-No all zones on weekends or holidays.
-Has a time limit of 30 days and then they go poof if not used.
-Can buy monthly parking permit.
-Must tag on at start of trip and at final destination. If you fail to tag off, you pay the maximum ticket of $12.75

Caltrain/Samtrans Alert
If a BART strike does occur, service to BART stations by SamTrans will be temporarily discontinued. This will effect Daly City, Colma, South San Francisco, San Bruno and Millbrae BART stations. So check with SamTrans or ask the bus driver for where the temporary stop is located if you using a bus that normally does go to a BART station. Caltrain has no plans to add extra trains as of yet, but expect some early morning commute trains to be even more packed when they depart Millbrae. Important tip: Express trains are almost always full (people standing in aisles), limiteds may be full (but not with people standing in aisles), and locals are generally have more seats available (they take longest to get to San Francisco). Plan accordingly. Bicyclists will likely have it even more tough when every seat and more is taken up.

Caltrain Sauna Effect
We have been having a some really warm weather. Sadly not all Caltrain cars have that air conditioning working right. One car I entered was warm enough for a sauna. Yikes! And the smell was pretty ripe as well.

Doors Do Not Lock Themselves
It is interesting to watch at San Francisco station (4th & King) as to who locks doors and who does not. Now usually the doors to tracks are locked when there is no need for them to be unlocked. And there is a security guard who does check. Sometimes the conductors will lock one side of the doors (the ones that will be open for the next departing train) and leave the opposite ones unlocked. And they clearly know this since I observe conductors go in and out of those doors as they get food or do other things. And train drivers are the worst. If a door is locked, they check the nearby ones. And then they walk to other ones nearby. Only if they cannot find one unlocked (or time is an issue), then they finally produce a key. But they rarely lock the door behind them (1-5 I observed locked and unlocked). They tell us to be observant about packages but if the conductors and drivers seem not to take much care in securing areas, it is no wonder why TSA wants to increase its presence in the railroad area. They might have to consider self locking doors that are always locked unless you insert a key and open it, and then lock when put back into place.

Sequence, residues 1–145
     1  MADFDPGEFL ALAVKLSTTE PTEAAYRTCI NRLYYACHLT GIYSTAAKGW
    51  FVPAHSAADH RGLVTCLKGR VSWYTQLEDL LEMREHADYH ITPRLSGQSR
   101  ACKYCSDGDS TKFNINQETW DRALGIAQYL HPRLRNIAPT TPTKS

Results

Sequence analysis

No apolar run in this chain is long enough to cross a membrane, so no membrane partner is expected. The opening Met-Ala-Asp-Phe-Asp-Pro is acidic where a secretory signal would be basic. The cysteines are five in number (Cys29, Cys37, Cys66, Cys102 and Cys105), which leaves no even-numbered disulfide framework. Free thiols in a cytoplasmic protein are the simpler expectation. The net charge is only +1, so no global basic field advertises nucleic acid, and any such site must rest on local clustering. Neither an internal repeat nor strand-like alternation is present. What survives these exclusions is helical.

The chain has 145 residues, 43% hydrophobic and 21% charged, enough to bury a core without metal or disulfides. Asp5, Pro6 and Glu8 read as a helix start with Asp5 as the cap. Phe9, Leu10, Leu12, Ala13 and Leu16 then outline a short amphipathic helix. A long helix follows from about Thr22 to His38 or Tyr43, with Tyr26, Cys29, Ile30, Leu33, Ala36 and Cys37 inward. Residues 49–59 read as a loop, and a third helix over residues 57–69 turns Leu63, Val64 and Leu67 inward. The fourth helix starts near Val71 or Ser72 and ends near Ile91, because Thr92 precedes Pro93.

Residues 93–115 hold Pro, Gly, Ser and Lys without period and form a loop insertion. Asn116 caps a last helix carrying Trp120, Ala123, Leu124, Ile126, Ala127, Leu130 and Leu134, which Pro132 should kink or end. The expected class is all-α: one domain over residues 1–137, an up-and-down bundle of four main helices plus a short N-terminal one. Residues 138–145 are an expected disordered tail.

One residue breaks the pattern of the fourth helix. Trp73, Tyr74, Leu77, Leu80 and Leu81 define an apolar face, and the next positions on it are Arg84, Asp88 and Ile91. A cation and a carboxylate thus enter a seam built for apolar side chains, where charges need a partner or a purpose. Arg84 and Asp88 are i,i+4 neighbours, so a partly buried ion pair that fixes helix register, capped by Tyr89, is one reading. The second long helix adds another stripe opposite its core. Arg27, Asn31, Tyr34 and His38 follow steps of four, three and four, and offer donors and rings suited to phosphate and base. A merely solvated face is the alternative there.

Announcement:Moving Transit Info To San Bruno Streets Blog

I am starting a new blog that will report on mass transit for San Bruno, CA. It is called San Bruno Streets. All the postings concerning SamTrans and Caltrain have been imported there. While the original postings will still be here, all new postings on those topics (and others of concern to San Bruno, CA). Simply put, I realized it was time to move that topic to another blog.

Caltrain Has Some Major Explaining To Do; So Does Local Media

What would the reaction be if, in a major metropolitan area, a local commuter train nearly ran over passengers detraining at a station it was not supposed to be passing through? We think it would be a major news story that would send out broadcast reporters to the scene and news writers to type furiously for the next print or online edition. Well my friends what happened at Caltrain’s South San Francisco station will surprise you.

Here is what happened. On 24 Aug northbound train 221 was at the South San Francisco station at 8:25 a.m. Northbound passengers have to cross the tracks to the parking lot and there are no crossing gates. Because another train in the southbound track would be unsafe (and impossible to get to the parking lot while there), the general practice is to allow only one train in the station. Trains either slow down between Bayshore or San Bruno or stop near the station to allow the other train to leave.